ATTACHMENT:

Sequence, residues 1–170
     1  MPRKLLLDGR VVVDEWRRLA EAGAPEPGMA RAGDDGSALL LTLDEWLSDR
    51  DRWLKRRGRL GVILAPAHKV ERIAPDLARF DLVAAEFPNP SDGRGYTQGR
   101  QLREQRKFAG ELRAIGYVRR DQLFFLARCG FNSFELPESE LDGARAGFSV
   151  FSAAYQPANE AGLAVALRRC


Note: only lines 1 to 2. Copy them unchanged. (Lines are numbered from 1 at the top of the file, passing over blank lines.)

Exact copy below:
Sequence, residues 1–170
     1  MPRKLLLDGR VVVDEWRRLA EAGAPEPGMA RAGDDGSALL LTLDEWLSDR